Poblano Pepper vs Anaheim (Heat, Flavor, Size, Nutrition, and Subs!)

Most of us are familiar with the most common peppers – bell, jalapeno – and the particularly interesting ones – such as the world’s hottest pepper, the Carolina Reaper – but what about the ones that get left behind? What’s the difference between the site-favorite poblano and the maybe lesser-known Anaheim?

Anaheim peppers have a heat range of 1,000-5,000 SHU while poblanos are typically 1,000-2,000. This means that some poblanos and Anaheim peppers may have the same heat, while some Anaheims may be as much as five times hotter than the mildest poblano. Anaheim peppers are also much longer – the longest poblano is only as long as the smallest Anaheim!

Read on for more facts about these two peppers that both deserve more attention than they receive.

Comparison – Differences between poblano peppers and Anaheim peppers

Both poblano and Anaheim peppers are great alternatives if you’re looking to add some ooomph to your salsa, hot sauce, or meals. But which one is better for your purposes? Well, it depends on what you’re trying to do.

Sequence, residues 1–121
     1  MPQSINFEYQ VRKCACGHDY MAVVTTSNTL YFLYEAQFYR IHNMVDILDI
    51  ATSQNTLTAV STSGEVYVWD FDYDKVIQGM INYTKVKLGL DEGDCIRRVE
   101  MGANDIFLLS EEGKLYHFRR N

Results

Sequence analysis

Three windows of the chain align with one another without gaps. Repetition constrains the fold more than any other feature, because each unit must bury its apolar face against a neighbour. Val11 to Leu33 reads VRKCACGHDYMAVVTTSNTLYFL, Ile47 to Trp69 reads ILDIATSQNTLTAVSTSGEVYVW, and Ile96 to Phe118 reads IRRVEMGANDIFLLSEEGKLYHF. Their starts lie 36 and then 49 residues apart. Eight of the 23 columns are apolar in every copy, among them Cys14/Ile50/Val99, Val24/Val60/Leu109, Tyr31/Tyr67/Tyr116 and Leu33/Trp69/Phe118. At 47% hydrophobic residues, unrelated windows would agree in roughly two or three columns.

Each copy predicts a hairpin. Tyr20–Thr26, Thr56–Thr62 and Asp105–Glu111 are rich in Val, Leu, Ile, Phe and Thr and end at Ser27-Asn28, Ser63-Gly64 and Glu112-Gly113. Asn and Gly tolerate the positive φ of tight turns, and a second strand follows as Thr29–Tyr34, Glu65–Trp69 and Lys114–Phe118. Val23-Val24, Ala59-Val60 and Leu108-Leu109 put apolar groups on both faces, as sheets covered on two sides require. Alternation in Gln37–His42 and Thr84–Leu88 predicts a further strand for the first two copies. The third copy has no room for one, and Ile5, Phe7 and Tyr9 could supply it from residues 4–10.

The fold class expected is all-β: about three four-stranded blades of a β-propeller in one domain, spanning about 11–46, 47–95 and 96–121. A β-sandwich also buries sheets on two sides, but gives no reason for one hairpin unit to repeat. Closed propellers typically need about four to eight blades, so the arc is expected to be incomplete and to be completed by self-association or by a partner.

Poblano peppers vs Anaheim peppers (based on heat, flavor, size, shape, nutrition, and substitutions).

Let’s look at the similarities and differences between poblano and Anaheim peppers based on the following criteria:

  • Poblano peppers vs Anaheim peppers heat level
  • Poblano peppers vs Anaheim peppers flavor
  • Poblano peppers vs Anaheim peppers texture
  • Poblano peppers vs Anaheim peppers size and shape
  • Poblano peppers vs Anaheim peppers nutrition
  • Poblano peppers vs Anaheim peppers cost and availability
  • Unique difficulties
  • Substitutions
CriteriaPoblano PepperAnaheim Pepper
Heat level1,000-2,000 SHU1,000-5,000 SHU
FlavorDeep, dark, smokySweet and smoky
TextureSmoothSlight wrinkly
Sizeup to 6″4-6″ long
ShapeRelatively flatLong and slender
Nutrition (per 100g)20 Calories
134% DV Vitamin C
20 Calories
292% DV Vitamin C
SubstitutionsGreen bell pepperGreen bell pepper
Table comparing poblano peppers vs Anaheim peppers based on heat level, flavor, texture, size, shape, basic nutrition, and common substitutions

Poblano peppers vs Anaheim peppers heat level (in Scoville Heat Units)

At first glance, poblano and Anaheim peppers might have a similar heat level since they share a lower range.

Poblano peppers range from 1,000-2,000 Scoville Heat Units (SHU). The mildest Anaheim peppers are also 1,000 SHU, but the hottest ones can get as hot as 5,000 SHU.

Graphic showing the relative comparison of select peppers based on their SHU.